Now is a good time to get acclimated to the layout of campus. If there's another dining hall that's across campus from your dorm, walk down there for lunch one day. Just walk around. Find the best route to the buildings where all your classes will be. Even if you don't know the location of your actual classroom, knowing how to get to the building before classes start can be a great stress reliever. 

Go out to eat
If your parents are still around, encourage them to take you out for one last meal before they leave.  You're probably going to be eating college food more often than not over the next year and -- while the food can be great depending on your school -- it gets old really fast. So check out one or two of the local restaurants. You might even find a potential date spot or hangout.

For those of you moving to college this year, do you have any plans for that first weekend? And if you've already been there, do you have any other tips for freshman just moving in?

Friday, August 17, 2012

Week in Short

I hope everyone had a great week this week! Mine was pretty crazy. There's just so much to do and not a lot of time left to do it in. I still can't believe the summer is almost over.  This time next week I'll be back at college. This means my blogging schedule is going to shift a bit.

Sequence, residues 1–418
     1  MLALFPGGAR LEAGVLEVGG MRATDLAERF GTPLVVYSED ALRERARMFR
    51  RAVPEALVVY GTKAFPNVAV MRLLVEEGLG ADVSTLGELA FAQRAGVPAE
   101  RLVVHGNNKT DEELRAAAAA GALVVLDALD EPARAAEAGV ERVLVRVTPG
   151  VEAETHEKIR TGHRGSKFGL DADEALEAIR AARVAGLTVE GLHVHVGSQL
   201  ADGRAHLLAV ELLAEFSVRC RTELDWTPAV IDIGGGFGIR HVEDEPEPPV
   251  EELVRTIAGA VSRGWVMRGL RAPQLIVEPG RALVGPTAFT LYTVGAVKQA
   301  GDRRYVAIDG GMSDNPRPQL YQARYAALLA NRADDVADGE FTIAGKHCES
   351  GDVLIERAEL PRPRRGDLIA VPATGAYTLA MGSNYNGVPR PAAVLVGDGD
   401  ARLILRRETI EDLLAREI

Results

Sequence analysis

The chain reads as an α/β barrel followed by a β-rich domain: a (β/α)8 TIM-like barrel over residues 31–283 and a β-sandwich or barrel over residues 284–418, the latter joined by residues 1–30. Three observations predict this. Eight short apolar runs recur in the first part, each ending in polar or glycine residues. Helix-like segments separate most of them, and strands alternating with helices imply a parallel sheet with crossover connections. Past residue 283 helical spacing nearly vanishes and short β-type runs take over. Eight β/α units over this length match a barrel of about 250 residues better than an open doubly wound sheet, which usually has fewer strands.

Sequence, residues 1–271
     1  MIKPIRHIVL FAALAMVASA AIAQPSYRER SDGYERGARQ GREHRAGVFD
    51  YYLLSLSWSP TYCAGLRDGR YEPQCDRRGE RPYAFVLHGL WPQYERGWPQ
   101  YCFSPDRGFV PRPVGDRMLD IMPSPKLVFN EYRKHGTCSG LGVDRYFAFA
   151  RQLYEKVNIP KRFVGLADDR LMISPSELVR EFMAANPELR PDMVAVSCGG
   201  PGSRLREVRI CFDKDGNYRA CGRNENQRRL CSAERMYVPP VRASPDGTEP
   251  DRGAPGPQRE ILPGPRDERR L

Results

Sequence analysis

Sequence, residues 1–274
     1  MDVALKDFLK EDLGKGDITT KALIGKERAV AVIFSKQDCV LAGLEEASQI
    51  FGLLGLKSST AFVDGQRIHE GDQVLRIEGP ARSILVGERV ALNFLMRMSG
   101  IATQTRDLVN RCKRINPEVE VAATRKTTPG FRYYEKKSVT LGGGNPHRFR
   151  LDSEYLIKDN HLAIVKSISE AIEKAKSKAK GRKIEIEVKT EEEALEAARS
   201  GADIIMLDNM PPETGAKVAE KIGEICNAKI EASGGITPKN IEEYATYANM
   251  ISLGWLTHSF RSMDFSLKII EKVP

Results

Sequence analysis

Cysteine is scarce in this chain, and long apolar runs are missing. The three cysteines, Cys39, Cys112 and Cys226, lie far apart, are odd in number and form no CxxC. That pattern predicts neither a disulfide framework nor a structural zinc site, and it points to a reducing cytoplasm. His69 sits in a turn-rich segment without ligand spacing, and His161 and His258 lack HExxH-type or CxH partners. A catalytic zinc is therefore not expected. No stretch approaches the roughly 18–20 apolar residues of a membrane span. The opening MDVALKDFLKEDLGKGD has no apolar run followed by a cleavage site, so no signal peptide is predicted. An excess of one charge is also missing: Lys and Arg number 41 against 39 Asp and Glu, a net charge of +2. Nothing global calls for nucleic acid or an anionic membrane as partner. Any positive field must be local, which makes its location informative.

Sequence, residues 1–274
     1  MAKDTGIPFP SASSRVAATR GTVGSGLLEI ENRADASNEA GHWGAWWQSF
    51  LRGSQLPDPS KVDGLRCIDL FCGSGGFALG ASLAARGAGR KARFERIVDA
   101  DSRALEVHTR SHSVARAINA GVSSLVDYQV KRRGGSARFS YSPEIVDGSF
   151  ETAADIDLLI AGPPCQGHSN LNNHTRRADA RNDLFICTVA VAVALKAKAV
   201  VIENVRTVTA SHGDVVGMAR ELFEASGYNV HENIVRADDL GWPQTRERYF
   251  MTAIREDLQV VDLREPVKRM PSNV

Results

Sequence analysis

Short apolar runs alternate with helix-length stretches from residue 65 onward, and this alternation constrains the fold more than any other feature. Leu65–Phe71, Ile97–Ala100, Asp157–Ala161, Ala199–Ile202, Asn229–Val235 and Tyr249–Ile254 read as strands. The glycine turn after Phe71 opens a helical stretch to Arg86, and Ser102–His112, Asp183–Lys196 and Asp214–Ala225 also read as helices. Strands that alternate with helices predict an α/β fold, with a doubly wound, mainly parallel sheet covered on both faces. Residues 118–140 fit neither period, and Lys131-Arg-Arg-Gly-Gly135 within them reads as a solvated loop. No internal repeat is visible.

Last year, I dropped my posting down to three and stopped doing Week in Short. This year, I'm going to try to stay with five days a week and keep Week in Short. I'll give it a trial period of a couple weeks and see how that goes. I'm also considering doing some kind of college-related post once a week or every other week. (What do you think? Yay? Nay?)

In other news, I saw The Bourne Legacy this week because Jeremy Renner was in it. Now, I thought it was great but I also haven't seen the other Bourne movies (I know, I know) so I don't really have anything to compare it to.

Song of the Week: "This is Gonna Hurt" by Sixx AM

Must read:  
Veronica Roth: Loud, Ugly, Wild, Free

News:
If you missed out on WriteOnCon, you missed out on a great conference! Fortunately all the posts, videos, and chat logs are saved so you can still check them out.

NPR has a list of the Best 100 YA Novels! I was so excited to see some of my favorites (especially the top four) included on the list.

A Fool's Golden Paradise:
Why this query worked #2